OK, so what can you do about getting those lights off without paying a specialist big bucks?

You can inspect the wheels for damaged tone rings, broken sensor wires or connectors, and misaligned sensors. The tone ring is usually visible at the end of the CV boot on a drive axle or behind the rotor on a non-drive wheel. For wheels with drum brakes, the tone ring may be inside the drum.

Spin the wheel looking closely at the tone ring for any missing or chipped teeth or a break in the ring. Check the sensor alignment to the tone ring and also the distance. If you can find the specs on the air gap, measure and adjust as necessary. If you can find specs for the sensor, check it with an ohmmeter for shorts and opens. There are a few more details on sensor diagnostics at the following page: Check the connectors and trace the wires all the way to the ABS module to inspect for damage. Due to the variety of systems and conditions, I'm not going to try to cover repair procedures.

If you found anything wrong and corrected it, hopefully your light(s) will go out.


How to Swap Out a Brake Booster Without Breaking a Sweat

Do you hear a hissing sound under the dash when you push the brake pedal? Does your pedal go down and not stop the car? Yep, the diaphragm in your booster is torn and you will have to replace the booster. Here is the quick and dirty on this job.

There are a couple of warnings to give you up front. You may need line wrenches to loosen the hydraulic fittings on the master cylinder. A line wrench is like a box end wrench with a cut in it to fit over a line. Using open end wrenches can result in a stripped fitting. Never use a vice grip on a line fitting, unless you plan to replace both the line and the fitting. The second warning is on brake fluid. It is corrosive, so don't get it on your paint, and make sure you clean it up.

Now for the procedure--I always try to do it without disconnecting the brake lines from the master cylinder, if possible, as this can be difficult and almost always requires the extra step of bleeding the system. Below is a picture of a typical master cylinder and booster.

Brake booster


In this case, they routed the A/C evaporator lines right in front of the master cylinder, so we'll never get this booster out without removing the master cylinder. Remove the nuts holding the master cylinder and also the cable from the reservoir level sensor. One nut is visible in the upper right of the pic below. The sensor cable is right thru the middle of the pic, and one of the hydraulic fittings is on the left.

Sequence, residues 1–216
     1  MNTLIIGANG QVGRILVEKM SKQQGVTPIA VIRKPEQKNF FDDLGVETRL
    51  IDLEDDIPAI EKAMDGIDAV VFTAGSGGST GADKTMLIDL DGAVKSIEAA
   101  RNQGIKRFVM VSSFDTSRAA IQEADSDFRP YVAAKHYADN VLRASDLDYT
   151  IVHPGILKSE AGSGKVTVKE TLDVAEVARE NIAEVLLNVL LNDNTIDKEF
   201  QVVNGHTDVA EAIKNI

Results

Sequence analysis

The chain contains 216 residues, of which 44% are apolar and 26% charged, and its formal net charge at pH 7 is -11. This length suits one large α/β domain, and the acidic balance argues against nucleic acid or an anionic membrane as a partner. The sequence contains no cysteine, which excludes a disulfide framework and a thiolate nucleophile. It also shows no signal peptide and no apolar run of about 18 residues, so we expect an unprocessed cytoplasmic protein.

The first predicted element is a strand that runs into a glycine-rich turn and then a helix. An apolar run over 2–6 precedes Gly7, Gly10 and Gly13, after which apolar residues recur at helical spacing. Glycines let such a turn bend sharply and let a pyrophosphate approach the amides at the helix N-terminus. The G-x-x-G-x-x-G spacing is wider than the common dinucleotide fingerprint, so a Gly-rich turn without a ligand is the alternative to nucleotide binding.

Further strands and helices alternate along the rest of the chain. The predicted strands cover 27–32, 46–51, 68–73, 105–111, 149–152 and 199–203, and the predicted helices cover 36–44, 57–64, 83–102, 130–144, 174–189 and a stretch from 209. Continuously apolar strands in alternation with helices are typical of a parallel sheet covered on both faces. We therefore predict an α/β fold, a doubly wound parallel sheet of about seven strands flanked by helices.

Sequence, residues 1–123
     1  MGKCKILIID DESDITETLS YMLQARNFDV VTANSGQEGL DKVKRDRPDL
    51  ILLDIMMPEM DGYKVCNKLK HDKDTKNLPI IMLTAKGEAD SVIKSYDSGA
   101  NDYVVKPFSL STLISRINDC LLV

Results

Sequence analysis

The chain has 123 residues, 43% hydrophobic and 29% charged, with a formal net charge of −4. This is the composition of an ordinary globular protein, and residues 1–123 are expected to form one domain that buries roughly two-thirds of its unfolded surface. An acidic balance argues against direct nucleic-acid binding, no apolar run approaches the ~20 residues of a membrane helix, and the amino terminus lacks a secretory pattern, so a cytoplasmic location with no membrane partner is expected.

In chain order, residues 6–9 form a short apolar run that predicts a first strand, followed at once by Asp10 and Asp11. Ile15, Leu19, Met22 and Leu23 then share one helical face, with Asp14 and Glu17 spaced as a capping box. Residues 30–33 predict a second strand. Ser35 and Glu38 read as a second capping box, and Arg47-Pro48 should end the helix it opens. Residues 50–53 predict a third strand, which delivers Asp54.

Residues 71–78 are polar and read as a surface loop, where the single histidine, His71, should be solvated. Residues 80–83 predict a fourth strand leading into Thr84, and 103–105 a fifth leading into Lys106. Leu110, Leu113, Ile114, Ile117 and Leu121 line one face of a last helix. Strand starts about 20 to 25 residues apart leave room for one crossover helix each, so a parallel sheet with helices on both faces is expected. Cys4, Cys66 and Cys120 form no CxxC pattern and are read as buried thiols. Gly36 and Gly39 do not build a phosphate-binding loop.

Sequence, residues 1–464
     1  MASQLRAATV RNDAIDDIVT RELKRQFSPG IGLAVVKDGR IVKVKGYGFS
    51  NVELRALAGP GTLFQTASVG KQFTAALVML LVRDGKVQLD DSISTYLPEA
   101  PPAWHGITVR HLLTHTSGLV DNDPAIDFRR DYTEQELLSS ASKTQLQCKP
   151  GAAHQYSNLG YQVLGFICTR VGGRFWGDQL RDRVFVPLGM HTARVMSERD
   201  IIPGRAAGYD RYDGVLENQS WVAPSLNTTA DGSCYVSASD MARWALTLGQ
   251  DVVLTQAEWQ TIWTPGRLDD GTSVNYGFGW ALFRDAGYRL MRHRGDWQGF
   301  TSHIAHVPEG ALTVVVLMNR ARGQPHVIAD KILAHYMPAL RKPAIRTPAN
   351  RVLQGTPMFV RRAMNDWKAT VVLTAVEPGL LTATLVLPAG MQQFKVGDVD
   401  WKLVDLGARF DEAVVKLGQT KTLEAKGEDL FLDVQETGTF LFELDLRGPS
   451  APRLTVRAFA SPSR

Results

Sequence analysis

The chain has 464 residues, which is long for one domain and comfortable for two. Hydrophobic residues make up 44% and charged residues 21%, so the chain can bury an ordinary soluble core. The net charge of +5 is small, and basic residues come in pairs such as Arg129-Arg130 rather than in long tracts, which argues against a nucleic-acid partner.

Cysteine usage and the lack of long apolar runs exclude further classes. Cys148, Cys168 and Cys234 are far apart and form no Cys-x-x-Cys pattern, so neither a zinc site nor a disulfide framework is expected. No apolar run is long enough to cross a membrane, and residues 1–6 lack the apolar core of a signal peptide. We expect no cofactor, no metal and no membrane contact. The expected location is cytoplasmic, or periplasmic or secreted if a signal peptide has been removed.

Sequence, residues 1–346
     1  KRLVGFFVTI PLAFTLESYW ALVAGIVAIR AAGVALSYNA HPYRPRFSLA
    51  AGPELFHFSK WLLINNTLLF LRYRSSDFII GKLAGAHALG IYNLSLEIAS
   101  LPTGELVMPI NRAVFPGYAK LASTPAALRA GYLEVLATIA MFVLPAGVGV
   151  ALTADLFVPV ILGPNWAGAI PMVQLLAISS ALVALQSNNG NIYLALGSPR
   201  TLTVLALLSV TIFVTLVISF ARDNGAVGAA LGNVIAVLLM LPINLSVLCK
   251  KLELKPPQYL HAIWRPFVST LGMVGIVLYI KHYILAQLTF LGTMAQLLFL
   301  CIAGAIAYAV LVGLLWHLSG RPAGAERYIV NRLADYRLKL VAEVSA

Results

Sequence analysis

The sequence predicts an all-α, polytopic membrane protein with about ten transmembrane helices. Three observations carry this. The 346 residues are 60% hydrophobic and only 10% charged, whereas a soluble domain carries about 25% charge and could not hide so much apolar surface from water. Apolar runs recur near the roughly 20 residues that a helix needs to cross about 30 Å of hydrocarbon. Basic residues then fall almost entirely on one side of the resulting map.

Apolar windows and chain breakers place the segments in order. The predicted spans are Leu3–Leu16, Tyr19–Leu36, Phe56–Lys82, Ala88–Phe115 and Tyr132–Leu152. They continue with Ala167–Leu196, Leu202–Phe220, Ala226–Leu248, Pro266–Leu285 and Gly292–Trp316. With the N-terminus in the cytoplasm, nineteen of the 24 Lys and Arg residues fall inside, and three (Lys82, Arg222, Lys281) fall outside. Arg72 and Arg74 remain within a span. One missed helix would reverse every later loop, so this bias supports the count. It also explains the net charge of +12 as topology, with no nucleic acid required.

View under brake reservoir


Here the cable is removed revealing the other hydraulic fitting.

Clear view under reservoir


If the pushrod is loose, remove it and set aside. Pull the master cylinder forward off the studs. See if you can push it down such that the booster will clear it coming off. Just be careful not to kink the hydraulic lines. Remove the vacuum line from the booster--it should pull straight out. A pic of the vacuum connection is below. You can also see the other nut holding the master cylinder onto the booster.

Vacuum line on booster


Go under the dash and remove the 4 nuts holding the booster. Check for and remove any pin that may hold the booster pushrod to the brake arm. Back under the hood, pull the booster forward and see if it will clear the master cylinder. If not, have the new booster ready to go in, remove the lines using line wrenches, remove the master cylinder and turn it so as to keep the fluid from leaking out of the ports. Set it down and swap out the boosters. Quickly get the master cylinder back in and the lines connected. Don't forget the pushrod if you took it out, and make sure it's properly resting in the push recesses. Tighten the lines just until they stop leaking. Replace the booster nuts and pin you may have removed--tighten the nuts. Also tighten the master cylinder nuts and reconnect the sensor cable. Now, if you had to remove the master cylinder, have an assistant help you bleed it at the fittings. Have them pump and hold the brake pedal down while you loosen and then re-tighten the fittings one at a time. If any air comes out, repeat on that fitting until only oil comes out. Clean up any fluid and test drive the car. If the brakes are soft, you may have to bleed the brakes at the wheels to get any remaining air out of the system.